Though she is a longtime writer, Leah Johnson had no intention of making writing her career prior to penning her debut novel, You Should See Me in a Crown (Scholastic Press). Her first dream was to be a reporter. Through journalism school at Indiana University Bloomington and internships at the Wall Street Journal and NPR, among others, Johnson honed her writing talent.
As one of the few Black student reporters at IU in 2015, Johnson was tasked with reporting on the impact of systemic racism and police brutality against Black people, including the evolution of the Black Lives Matter movement, following the killing of Michael Brown by police officer Darren Wilson in Ferguson, Mo. She says she accepted this responsibility even though it took a physical toll. “I was writing a lot about Black pain, about trauma.”
By her senior year, Johnson found that the emotionally taxing work “wasn’t bringing joy anymore.” In order to recapture that joy, she reoriented herself toward a pastime that gave her happiness as a child: storytelling. After applying to several graduate programs for creative writing, Johnson was accepted to and chose the MFA program at Sarah Lawrence.
From there, Johnson calls her path to publication “super accelerated.” She was approached by agent Sarah Landis at Sterling Lord Literistic after writing a well-received essay for Electric Literature in 2018 on the lack of diversity in YA books that she had read growing up. She then gave herself a timeline, allotting a year for querying, two years for submission, and, she hoped, four years to publish a novel.
What happened instead was that Johnson graduated with an MFA in fiction writing that May and signed a deal for Crown in early summer, based solely on a synopsis and a 30-page writing sample. All this was thanks to the combined efforts of Landis and Scholastic editor Maya Marlette, whom Johnson calls “the best editor in business.”
Crown has seen a wave of support from readers hungry for stories that reflect their experiences and has landed on the Indie Bound bestseller list. Born out of a love of late-’80s and ’90s teen comedies, as well as Sarah Dessen’s contemporary YA romances, Crown sets out to queer the conventional narrative of the thin, white, blonde, and wealthy all-American prom queen. “I wanted to turn those ideas on their heads,” Johnson says. “All of those honors and accolades and the love that comes along with being prom queen, I wanted to give all those things to somebody who traditionally has been told that they don’t deserve those things.”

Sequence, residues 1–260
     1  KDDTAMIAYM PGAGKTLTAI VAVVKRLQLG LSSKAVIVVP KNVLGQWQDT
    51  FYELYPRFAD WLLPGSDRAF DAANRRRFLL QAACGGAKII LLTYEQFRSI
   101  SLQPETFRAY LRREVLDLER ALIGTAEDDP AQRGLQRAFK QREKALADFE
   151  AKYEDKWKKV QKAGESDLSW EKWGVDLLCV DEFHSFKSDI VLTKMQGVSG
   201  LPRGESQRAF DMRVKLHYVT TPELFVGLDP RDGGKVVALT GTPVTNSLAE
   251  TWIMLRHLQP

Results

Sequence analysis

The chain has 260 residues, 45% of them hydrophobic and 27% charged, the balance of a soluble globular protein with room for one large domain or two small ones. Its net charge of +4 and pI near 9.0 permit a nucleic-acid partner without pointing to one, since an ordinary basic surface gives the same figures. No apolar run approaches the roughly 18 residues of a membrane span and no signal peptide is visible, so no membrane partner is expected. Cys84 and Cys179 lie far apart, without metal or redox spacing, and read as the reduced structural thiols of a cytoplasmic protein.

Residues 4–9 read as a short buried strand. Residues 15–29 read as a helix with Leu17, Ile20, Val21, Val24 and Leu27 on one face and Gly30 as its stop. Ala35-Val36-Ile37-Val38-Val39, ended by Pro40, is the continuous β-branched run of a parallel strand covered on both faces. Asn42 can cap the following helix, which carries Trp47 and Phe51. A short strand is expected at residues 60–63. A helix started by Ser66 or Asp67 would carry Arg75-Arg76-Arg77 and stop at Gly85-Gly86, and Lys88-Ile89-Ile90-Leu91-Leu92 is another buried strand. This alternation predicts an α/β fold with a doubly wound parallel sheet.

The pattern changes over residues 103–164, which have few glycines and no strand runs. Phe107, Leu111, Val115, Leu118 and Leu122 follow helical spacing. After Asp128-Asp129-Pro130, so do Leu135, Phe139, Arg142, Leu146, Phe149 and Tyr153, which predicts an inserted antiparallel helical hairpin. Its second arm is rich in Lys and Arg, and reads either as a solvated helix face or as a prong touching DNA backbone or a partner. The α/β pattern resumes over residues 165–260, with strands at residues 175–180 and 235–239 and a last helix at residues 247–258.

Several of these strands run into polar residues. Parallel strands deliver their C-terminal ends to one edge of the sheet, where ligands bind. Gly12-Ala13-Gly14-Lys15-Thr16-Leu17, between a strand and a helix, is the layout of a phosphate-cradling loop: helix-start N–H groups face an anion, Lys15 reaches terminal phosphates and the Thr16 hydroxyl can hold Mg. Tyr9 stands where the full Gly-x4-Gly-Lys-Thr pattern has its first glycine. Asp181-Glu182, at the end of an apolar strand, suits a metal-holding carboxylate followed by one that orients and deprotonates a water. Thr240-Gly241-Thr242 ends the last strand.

In many ways the political climate that led to Crown is reflected in the charged environment of 2020, as communities across the country protest a series of unjustifiable deaths at the hands of police and refuse to let any more go unchallenged or unpunished. Crown, which takes place in a predominantly white high school in Indiana, confronts that systemic racism on a smaller, if equally insidious, scale. There, the main character, Liz Lighty, faces classism, racism, and queerphobia: a culture in which a poor Black queer girl is impossible for some to accept as prom queen.
Teen readers aren’t the only ones who have embraced Crown; fellow Black writers such as Namina Forna (The Gilded Ones) and Kim Johnson (This Is My America) rallied on social media around Johnson and other Black women with recent debuts, including Roseanne A. Brown and Bethany C. Morrow, to ensure that their books weren’t buried amid the media storm surrounding the protests.
Though she is enjoying Crown’s success, Johnson finds it hard to believe that her dream of publication has come true. “It’s still a massive shock to me that a lot of somebodies found this type of story valuable enough to spend their time on reading it and their money on buying it,” she says.
It’s evident in Crown that Johnson has rediscovered her joy in the written word, and she intends to continue her mission of normalizing queer Black girl joy in her sophomore work, Rise to the Sun, to be published by Scholastic in 2021. “If nothing else, this pandemic has given me a renewed understanding of Black women solidarity,” she says. “Thank God for Black women. Thank God for the Black women who rallied behind me. Literally none of us would be here without them.”